It took the prospect of a third Mideast war in this century, but angry tea party supporters and old-style, leftist peaceniks marched shoulder to shoulder Wednesday through downtown Medford, shouting, "No attack on Syria."
In noon speeches at Vogel Plaza, both sides assailed President Barack Obama's proposed attack on the strife-torn Arab nation, saying it's not clear who gassed civilians, while claiming it would lead to American "boots on the ground" and be ruinously expensive.
"Obama is using the old argument of the domino effect, that if we don't stop the poison gas now, it will be used on our children," Herbert Rothschild, chairman of Peace House, told a gathering of two dozen people.
The protests came despite Obama's change in tone in recent days, as he works with Russian leaders to broker a deal that would lead to Syria giving up its chemical weapons.
Rothschild objected to the president calling Americans "exceptional" as a code word justifying the attack on Syria, asking, "Is it exceptional to go kill people? No, it's arrogant and murderous."
Following Rothschild, Susan Clark of Campaign for Liberty told the crowd that the president must not move on Syria without a congressional majority, something that now seems doubtful. "If we bomb chemical sites," she said, "we will cause extensive damage to the country. ... Syria is not a threat to us, but if we attack them, they will be — just like when we were attacked on 9/11."
Irene Holen of Medford, a member of the tea party-oriented Campaign for Liberty, said the president and Oregon's two senators, Democrats Jeff Merkley and Ron Wyden, are failing the country.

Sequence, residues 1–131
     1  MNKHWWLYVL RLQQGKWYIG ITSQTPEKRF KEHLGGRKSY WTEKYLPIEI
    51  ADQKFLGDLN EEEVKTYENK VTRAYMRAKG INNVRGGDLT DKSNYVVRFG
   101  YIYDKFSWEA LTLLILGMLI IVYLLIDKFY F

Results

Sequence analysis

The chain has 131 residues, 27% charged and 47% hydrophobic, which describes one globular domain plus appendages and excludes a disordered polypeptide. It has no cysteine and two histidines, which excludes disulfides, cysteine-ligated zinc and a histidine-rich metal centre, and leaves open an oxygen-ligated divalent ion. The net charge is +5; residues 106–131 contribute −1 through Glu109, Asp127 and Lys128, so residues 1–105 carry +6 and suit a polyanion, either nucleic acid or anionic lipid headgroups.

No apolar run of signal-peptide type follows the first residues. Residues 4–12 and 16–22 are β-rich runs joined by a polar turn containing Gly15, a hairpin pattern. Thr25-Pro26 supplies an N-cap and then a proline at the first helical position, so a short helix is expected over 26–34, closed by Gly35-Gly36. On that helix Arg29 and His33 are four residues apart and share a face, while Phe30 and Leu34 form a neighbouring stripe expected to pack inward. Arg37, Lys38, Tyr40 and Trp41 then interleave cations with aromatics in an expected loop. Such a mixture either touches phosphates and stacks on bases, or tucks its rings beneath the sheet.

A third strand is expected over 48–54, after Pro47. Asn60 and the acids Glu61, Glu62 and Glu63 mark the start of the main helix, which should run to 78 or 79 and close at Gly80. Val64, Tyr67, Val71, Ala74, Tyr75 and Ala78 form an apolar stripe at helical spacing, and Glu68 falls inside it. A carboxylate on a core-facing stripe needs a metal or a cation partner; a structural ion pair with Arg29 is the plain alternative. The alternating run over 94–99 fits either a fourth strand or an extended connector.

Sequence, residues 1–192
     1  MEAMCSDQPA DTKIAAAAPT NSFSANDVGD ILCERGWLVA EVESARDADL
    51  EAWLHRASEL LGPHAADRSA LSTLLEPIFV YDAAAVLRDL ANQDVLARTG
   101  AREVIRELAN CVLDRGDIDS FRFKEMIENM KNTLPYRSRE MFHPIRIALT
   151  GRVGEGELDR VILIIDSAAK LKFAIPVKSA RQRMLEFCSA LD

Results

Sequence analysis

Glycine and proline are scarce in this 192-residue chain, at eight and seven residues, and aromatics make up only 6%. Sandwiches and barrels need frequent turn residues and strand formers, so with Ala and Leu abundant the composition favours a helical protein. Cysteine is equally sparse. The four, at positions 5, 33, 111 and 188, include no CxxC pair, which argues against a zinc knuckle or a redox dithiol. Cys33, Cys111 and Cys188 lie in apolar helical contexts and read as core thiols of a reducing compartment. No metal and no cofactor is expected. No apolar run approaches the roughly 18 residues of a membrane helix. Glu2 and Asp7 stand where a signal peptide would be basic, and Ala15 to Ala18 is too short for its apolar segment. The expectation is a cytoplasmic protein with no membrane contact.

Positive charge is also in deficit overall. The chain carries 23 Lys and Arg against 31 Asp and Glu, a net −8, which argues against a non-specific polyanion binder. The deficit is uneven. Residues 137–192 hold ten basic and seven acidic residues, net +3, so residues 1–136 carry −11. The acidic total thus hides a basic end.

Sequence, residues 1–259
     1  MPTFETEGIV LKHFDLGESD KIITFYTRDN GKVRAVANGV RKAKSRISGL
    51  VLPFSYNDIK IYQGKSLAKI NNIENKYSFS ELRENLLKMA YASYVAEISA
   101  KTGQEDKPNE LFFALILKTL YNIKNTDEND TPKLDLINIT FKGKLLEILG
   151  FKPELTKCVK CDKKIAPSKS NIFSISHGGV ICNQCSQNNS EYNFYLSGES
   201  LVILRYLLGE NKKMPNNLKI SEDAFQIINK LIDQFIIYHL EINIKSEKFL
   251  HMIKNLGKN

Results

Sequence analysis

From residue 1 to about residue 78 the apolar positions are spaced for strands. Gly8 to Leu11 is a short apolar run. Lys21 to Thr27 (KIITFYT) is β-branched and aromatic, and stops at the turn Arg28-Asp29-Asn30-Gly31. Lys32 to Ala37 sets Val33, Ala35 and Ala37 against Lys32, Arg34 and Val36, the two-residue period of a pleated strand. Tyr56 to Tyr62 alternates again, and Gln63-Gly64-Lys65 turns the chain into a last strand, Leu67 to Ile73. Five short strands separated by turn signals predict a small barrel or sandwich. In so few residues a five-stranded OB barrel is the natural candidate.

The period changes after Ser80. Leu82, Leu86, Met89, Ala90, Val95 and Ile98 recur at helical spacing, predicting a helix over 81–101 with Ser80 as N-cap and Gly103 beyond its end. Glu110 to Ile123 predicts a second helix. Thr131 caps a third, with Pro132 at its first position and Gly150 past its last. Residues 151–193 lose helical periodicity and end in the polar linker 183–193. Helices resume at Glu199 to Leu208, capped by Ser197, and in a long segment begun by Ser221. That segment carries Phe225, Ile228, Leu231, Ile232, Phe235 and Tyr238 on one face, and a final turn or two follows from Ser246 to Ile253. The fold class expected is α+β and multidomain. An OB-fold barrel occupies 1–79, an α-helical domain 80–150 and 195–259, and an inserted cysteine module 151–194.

She thinks Rep. Greg Walden, R-Ore., has the right stance.
"I'm disgusted with Obama, Merkley and Wyden," Holen said. "Walden is the only one who's correct on attacking Syria. We have no business there. Both sides in Syria are criminal, and we need to stay out of their civil war."
The rally coincided with the 12th anniversary of the 9/11 attack by al-Qaida, and several protesters said the terrorist group has infiltrated Syrian rebel groups, posing a caution against helping them.
"We don't know who our true enemy is, and we don't know who did the gassing," said Clark.
People identifying themselves as tea party or Peace House backers marched down Central Avenue, chanting "No more, no war," and presented antiwar petitions at the offices of Walden and Wyden.
Walden's staff told the protesters the congressman had announced his opposition two days ago. Wyden's office was closed, but courthouse marshals said they would deliver the petitions.
Donald Morris of Veterans for Peace said in an interview that he served in Vietnam and worked in intelligence with the Defense Department for 23 years, and rarely did he see accurate intelligence from the field reach politicians without being greatly changed.
"They hear what they want to hear," he said.
Carrying a sign that said, "Bomb them with love," Cindy Darnell, a member of Citizens for Peace and Justice and a Central Point resident, said: "The world is shifting to a new paradigm, and the military-industrial complex has not caught up with that fact. We have no idea who the players are over there. It's time we figure out something better to do than bomb people."
"We're too inclined to jump into a military solution," said Jerry Reed of Grants Pass. "It will bankrupt us financially and morally. We can't do anything over there without making it worse — and a big percentage of the rebel force is al-Qaida."
John Darling is a freelance writer living in Ashland. Email him at firstname.lastname@example.org.